Hawley called on U.S. Department of Agriculture (USDA) Secretary Tom Vilsack to investigate alleged fraud and anticompetitive behavior from large meatpacking companies, including Tyson Foods, JBS, and WH Group, pointing to supposed instances of price-fixing and refusal to allow inspections. Hawley said the nation’s meat industry was in a volatile state, leaving producers and consumers open to harm while a handful of large corporations maintained their profits.
“After years of consolidation in the beef, pork, and chicken processing industries, the food supply chain in the United States has become dangerously fragile,” Hawley said in a letter to Vilsack. “The biggest firms will not curb their anticompetitive practices unless they face a penalty that impacts their bottom line. Big companies require big penalties. Federal statute provides you with robust authority to revoke inspection services following convictions for fraudulent behavior in the marketplace.”
Hawley urged Vilsack to probe the largest firms and revoke inspection services for violators in order to “restore competition, safeguard farmers and ranchers, and ensure food security for all Americans.”
Hawley sent a request to the Federal Trade Commission (FTC) last year calling for a similar investigation after the COVID-19 pandemic shuttered facilities across the country.
The Missouri Farm Bureau (MOFB) voiced its own concerns over concentrations in the market: The group sent a letter to congressional leadership requesting an investigation earlier this year, warning of the impact on farmers and consumers.
The MOFB’s letter said the spread between the price producers were receiving for cattle and the cost packers charged for wholesale boxed beef going into the supply chain caused frustration among farmers and producers. This was on top of increased prices for consumers as the economic downturn caused by COVID-19 reached the agriculture industry.
The call to action has been nationwide, especially since the start of the pandemic: Attorney General Eric Schmitt joined 10 other states on a letter calling for an investigation by the Department of Justice (DOJ) last year, with Gov. Mike Parson voicing his own support for an investigation.
“As a third-generation cattleman myself, I understand the stress many in the cattle business have faced for years,” Parson said. “Cattlemen and cattlewomen across the United States are simply asking for transparency and accountability from our meatpackers in the beef business.”
Other members of Missouri’s congressional delegation have proposed legislative measures directed at the industry. Congressman Emanuel Cleaver and Congresswoman Vicky Hartzler introduced the Optimizing the Cattle Market Act of 2021 in June, seeking regional regulatory minimums for negotiated cash trades in cattle markets and requiring peer-reviewed research from land-grant universities to be the basis for the minimums.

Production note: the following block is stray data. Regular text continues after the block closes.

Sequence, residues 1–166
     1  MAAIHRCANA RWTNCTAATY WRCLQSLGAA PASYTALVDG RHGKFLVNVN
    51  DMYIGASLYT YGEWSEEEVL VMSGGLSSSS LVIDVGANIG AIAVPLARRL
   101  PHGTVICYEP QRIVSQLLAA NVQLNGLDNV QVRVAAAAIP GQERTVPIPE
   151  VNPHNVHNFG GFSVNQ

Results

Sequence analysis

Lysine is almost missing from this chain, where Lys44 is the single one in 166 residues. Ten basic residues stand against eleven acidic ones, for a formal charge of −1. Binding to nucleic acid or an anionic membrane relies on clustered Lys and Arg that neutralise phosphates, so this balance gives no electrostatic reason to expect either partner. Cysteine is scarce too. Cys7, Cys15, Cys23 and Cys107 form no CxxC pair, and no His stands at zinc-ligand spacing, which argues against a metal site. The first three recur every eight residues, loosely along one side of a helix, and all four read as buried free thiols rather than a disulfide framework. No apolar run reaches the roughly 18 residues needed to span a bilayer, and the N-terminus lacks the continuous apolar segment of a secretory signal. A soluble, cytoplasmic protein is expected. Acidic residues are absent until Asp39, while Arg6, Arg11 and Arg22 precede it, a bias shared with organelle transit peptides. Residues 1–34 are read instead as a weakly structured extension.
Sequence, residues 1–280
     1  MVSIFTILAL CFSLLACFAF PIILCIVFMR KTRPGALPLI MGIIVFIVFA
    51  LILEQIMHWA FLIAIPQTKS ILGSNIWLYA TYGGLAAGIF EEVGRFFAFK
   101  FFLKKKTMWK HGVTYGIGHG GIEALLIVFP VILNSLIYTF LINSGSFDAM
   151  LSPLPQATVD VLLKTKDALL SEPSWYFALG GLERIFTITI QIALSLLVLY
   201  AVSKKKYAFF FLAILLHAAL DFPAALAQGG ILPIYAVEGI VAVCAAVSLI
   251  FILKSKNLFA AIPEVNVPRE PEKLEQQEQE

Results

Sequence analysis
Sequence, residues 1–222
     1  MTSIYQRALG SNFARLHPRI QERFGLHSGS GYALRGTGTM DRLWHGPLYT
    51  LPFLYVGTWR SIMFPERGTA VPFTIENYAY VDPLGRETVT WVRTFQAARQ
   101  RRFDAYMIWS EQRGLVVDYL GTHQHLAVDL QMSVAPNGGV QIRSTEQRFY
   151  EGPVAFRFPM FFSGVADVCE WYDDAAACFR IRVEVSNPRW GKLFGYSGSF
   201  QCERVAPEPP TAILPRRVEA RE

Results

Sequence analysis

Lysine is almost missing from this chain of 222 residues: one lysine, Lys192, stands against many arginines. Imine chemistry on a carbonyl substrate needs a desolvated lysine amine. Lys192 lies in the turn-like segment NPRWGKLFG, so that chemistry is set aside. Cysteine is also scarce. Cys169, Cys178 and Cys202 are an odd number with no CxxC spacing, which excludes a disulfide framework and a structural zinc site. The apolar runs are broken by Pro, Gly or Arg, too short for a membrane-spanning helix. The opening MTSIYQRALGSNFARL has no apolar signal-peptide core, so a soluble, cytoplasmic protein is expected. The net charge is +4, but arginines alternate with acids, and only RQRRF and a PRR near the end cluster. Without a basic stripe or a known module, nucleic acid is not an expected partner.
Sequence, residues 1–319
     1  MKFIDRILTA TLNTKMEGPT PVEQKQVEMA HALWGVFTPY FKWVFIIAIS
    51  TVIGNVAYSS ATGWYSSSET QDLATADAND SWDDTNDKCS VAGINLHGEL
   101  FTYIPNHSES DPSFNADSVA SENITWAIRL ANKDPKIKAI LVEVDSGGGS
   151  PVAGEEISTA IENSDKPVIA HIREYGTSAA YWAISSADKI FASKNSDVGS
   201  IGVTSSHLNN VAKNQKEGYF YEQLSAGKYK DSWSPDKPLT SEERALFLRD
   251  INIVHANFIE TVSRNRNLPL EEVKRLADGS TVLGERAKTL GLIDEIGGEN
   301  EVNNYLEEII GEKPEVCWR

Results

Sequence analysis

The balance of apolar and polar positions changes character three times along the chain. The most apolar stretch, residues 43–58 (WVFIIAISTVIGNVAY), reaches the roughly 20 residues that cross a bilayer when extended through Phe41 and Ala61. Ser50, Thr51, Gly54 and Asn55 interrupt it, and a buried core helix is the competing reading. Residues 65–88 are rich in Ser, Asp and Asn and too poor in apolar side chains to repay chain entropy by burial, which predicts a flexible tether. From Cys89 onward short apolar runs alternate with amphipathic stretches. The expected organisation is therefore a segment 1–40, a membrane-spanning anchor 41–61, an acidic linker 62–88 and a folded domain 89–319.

“After their valiant efforts to keep food on the tables of American families, it’s critical that we do everything possible to ensure ranchers have the market transparency necessary to make informed decisions that will help them stay in business and continue to generate economic activity throughout rural Missouri,” Cleaver said.
The bill would also require the USDA to catalog beef contracts between producers and marketers while keeping them confidential and order packers to report the number of cattle scheduled to be delivered over the next two weeks, allowing producers to plan their marketing strategies. It has yet to receive a committee hearing.
Shane Miller, president of Tyson Fresh Meats, testified before Congress on the accusations last month. Miller said the company welcomed competition and said while the concentration of the market has largely remained the same over the past 30 years, the quality of the product had increased.
“We believe market forces are working as they should,” Miller said. “Customers have multiple meat suppliers from which to choose and they subject suppliers to competitive bidding processes based on terms the customers specify. Customers often work with several meat suppliers to ensure orders are filled according to their product specifications, volume requirements, and pricing terms, which adds to the constant pressure to outperform the competition.”
Missouri is home to more than 95,000 farms and ranks in the top 10 states in terms of beef, chicken, and pork production, according to the Department of Agriculture.
Cameron Gerber studied journalism at Lincoln University. Prior to Lincoln, he earned an associate’s degree from State Fair Community College. Cameron is a native of Eldon, Missouri.
Contact Cameron at email@example.com.